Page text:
Pakistan seeks civil nuclear deal with atomic powers

Updated - November 28, 2021 08:48 pm IST

Published - April 13, 2010 10:06 am IST - Washington

President Barack Obama with Pakistani Prime Minister Syed Yusuf Raza Gilani, ahead of the Nuclear Security Summit, at Blair House in Washington on Sunday.

President Barack Obama with Pakistani Prime Minister Syed Yusuf Raza Gilani, ahead of the Nuclear Security Summit, at Blair House in Washington on Sunday.

Continuing with his agenda, Pakistani Prime Minister Yusuf Raza Gilani has sought a civil nuclear deal with the U.S. and other atomic powers and asked for adoption of “non-discriminatory” criteria for access to the technology for his country.

Mr. Gilani raised the issue on Monday, during a working dinner hosted by U.S. President Barack Obama for the world leaders, that kicked off the 47—nation two—day Nuclear Security Summit here.

Pakistan has been demanding a civilian nuclear deal from the U.S. on similar lines as Washington inked with India, though it has been refused by it for now.

Coinciding with the start of the summit, Mr. Gilani issued a national statement, which reiterated its need for civil nuclear technology for his country.

“We urge all relevant forums to give Pakistan access to nuclear technology for peaceful uses, in a non-discriminatory manner, to meet its growing demand for energy,” it said.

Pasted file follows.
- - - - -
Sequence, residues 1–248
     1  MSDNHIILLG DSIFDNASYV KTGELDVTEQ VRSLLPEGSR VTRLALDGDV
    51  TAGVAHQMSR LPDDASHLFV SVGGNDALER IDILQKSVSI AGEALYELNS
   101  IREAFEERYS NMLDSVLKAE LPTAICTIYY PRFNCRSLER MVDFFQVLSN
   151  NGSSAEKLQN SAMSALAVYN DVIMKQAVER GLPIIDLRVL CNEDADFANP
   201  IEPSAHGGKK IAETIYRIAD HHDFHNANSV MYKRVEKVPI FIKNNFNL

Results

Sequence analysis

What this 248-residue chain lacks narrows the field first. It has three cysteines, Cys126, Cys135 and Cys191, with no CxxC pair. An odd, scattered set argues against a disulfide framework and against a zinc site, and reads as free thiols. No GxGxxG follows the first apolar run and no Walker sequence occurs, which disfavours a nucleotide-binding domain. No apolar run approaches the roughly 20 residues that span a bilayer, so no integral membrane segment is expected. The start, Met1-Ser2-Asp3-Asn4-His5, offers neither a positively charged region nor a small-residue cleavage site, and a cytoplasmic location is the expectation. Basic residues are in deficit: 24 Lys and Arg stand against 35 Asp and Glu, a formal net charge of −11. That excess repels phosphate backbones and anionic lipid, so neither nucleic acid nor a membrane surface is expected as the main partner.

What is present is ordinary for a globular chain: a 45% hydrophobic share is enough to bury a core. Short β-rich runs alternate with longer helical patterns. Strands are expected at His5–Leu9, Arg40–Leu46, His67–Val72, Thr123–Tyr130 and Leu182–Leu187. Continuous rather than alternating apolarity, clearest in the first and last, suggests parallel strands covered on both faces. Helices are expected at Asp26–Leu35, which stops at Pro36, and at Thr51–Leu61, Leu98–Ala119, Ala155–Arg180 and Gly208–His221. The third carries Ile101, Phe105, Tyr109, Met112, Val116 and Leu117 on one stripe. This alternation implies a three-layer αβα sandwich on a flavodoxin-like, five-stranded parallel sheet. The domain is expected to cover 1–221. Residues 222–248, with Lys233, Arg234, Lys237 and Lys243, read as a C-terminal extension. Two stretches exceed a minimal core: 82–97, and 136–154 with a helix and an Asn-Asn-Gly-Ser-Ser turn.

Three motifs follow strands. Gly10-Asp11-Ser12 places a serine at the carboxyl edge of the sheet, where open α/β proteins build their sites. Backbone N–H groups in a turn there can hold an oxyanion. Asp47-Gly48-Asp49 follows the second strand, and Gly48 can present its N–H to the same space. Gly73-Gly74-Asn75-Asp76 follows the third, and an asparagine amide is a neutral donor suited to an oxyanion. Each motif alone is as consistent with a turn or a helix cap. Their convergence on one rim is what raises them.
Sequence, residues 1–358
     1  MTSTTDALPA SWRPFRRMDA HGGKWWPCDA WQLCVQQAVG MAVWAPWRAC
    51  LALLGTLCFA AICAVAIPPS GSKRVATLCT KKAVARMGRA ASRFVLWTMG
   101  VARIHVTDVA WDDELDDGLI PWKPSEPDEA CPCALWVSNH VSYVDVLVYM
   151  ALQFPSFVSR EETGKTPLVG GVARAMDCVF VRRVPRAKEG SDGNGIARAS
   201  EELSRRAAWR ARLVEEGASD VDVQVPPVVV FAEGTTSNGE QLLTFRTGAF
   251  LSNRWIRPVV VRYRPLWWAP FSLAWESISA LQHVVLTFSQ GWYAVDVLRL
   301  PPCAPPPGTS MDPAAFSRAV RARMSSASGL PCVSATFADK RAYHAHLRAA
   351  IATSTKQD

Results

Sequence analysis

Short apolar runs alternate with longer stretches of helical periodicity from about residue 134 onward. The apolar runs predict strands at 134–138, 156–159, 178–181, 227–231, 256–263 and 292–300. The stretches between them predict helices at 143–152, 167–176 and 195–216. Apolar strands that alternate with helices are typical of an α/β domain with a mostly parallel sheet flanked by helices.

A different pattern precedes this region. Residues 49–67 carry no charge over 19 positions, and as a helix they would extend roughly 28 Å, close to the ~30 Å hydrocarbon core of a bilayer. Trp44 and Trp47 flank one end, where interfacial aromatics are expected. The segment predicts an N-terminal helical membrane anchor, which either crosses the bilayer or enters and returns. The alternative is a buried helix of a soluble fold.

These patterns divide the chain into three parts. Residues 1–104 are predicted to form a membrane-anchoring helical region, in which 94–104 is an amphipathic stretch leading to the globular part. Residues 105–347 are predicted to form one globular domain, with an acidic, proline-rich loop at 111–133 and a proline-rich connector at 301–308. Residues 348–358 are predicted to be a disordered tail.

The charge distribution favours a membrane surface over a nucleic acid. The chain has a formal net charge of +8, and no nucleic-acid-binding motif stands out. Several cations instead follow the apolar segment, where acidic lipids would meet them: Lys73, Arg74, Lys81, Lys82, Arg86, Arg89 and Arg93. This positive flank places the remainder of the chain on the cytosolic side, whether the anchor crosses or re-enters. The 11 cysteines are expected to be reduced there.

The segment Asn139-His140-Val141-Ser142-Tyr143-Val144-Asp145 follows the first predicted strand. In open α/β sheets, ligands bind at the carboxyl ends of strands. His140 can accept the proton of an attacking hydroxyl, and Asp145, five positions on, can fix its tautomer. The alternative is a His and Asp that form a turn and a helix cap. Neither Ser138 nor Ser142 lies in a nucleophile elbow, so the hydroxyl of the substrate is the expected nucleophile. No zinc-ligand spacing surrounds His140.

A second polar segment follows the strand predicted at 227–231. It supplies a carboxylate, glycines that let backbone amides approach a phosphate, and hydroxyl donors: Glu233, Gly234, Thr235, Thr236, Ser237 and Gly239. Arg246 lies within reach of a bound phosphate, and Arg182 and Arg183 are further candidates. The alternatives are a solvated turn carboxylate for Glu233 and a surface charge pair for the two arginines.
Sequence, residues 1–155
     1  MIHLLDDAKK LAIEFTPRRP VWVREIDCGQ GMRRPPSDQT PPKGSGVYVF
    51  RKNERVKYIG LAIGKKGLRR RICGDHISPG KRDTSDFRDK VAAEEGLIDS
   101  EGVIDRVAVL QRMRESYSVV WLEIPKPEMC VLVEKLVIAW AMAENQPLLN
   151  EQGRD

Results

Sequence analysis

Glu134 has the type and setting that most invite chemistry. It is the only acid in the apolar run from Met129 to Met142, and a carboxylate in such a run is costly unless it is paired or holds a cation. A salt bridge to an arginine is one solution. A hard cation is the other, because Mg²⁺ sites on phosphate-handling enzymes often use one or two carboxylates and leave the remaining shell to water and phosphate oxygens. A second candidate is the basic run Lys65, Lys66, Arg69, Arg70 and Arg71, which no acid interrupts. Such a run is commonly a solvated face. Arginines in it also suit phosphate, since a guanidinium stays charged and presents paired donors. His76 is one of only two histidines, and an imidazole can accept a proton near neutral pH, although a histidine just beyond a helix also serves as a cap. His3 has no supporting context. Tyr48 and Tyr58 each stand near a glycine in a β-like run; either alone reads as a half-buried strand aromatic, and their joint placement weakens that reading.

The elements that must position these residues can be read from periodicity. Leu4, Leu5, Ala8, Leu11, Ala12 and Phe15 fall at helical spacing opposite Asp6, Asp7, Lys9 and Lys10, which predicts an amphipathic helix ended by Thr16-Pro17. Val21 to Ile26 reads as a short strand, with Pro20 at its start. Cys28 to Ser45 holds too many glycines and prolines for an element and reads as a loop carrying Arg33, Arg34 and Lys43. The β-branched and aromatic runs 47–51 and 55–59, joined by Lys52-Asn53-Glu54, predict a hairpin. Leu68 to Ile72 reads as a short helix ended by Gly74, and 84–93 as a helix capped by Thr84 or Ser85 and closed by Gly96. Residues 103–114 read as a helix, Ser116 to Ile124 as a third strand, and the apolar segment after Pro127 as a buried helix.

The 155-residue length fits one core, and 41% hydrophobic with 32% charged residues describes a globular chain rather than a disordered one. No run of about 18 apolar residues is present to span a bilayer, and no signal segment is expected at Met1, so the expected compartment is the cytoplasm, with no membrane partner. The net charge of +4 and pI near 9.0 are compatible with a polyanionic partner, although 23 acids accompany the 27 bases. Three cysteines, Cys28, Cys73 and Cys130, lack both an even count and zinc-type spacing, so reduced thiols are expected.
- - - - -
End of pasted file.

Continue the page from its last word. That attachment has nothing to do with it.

He argued that Pakistan is fully aware of its responsibilities.

“It had put in place a robust nuclear security regime and was confident about the safety and security of its nuclear assets as well as the security of nuclear materials and facilities,” he said.

“Pakistan has more than 35 years of experience in running nuclear power plants. With trained professional manpower and a strong nuclear safety and security culture, Pakistan fully qualifies for participation in civil nuclear cooperation at the international level,” the statement added.

The national statement envisages a well defined command and control system comprising the National Command Authority, the Strategic Plans Division, and the Strategic Forces Commands, exercises strict control over all aspects of policy, procurement, operations, and, most importantly, nuclear security.

It emphasises on a strict regulatory regime covering all matters related to nuclear safety and security, including physical protection of materials and facilities, material control and accounting, transport security, prevention of illicit trafficking and border controls, as well as plans to deal with possible radiological emergencies.

Stressing on extensive export control regime, the national statement seeks international cooperation, consistent with its national policies and interests as well as international obligations.

The statement argued that Pakistan has legitimate needs for power generation to meet the growing energy demand of our expanding economy.

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